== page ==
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Introduction Cerebral gunshot wounds are highly lethal and literature on the clinical scores for mortality prediction is limited. Materials and methods A retrospective study was undertaken over a 5-year period at the Pietermaritzburg Metropolitan Trauma Service in South Africa. A simplified clinical prediction score was developed based on clinical and/or physiological variables readily available in the resuscitation room. Results A total of 102 patients were included; 92% (94/102) were male and the mean age was 29 years; 22% (22/102) died during the admission. The presence of visible brain matter (odds ratio 12.4, P = 0.003) and motor score less than 5 (odds ratio 89.6, P  < 0.001) allows the prediction success of 92% (sensitivity 73% and specificity 98%). The area under the receiver operating characteristic curve was 94% (95% confidence interval 88-100%, P  < 0.001). Conclusions The presence of visible brain matter, together with a motor score of less than 5, allows accurate identification of non-survivors of cerebral gunshot wounds. Further study is required to validate this score.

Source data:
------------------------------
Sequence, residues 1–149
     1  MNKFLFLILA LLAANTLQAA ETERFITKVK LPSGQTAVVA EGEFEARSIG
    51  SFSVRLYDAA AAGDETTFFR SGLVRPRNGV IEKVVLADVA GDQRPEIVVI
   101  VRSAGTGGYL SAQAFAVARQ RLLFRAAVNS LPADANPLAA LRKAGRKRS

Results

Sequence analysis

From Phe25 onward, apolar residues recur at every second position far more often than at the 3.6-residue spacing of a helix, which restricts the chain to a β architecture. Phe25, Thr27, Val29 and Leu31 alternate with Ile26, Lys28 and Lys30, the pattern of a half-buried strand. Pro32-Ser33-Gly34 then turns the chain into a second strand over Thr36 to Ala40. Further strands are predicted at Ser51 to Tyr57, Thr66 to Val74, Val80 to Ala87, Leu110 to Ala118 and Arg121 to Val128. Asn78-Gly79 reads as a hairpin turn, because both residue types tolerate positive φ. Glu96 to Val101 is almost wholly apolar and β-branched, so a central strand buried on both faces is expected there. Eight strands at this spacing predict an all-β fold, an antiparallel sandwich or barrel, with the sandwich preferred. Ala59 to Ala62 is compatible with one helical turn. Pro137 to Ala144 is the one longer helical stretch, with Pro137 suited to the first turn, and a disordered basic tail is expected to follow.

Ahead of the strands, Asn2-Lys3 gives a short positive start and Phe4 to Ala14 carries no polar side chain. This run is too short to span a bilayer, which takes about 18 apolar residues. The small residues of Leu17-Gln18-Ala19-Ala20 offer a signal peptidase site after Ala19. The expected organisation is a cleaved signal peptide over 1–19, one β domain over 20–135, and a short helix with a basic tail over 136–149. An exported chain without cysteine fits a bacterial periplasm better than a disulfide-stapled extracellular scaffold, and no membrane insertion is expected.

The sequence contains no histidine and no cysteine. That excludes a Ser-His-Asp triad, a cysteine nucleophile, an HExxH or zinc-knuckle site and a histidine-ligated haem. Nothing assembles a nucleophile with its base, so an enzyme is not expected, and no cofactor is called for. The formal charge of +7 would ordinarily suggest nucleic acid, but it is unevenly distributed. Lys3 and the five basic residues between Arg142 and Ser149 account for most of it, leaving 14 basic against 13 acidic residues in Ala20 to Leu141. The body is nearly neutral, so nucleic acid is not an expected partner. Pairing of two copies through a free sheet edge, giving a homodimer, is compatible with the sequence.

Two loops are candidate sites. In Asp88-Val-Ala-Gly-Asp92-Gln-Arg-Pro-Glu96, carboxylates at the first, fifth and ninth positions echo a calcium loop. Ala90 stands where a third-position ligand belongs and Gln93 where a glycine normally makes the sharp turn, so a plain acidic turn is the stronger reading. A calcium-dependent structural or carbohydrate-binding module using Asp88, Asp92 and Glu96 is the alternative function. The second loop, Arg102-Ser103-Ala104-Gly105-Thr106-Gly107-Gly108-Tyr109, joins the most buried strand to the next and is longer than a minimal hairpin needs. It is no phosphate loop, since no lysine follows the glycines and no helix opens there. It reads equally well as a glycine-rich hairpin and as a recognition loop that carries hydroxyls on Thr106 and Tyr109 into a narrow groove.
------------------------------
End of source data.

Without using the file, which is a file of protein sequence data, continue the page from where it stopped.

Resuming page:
Original publication





Annals of the Royal College of Surgeons of England

Publication Date





97 - 100


Pietermaritzburg Metropolitan Trauma Service, Department of Surgery, University of KwaZulu-Natal , Durban , South Africa.


Humans, Head Injuries, Penetrating, Wounds, Gunshot, Glasgow Coma Scale, Sensitivity and Specificity, Retrospective Studies, ROC Curve, Decision Support Techniques, Adult, Female, Male, Young Adult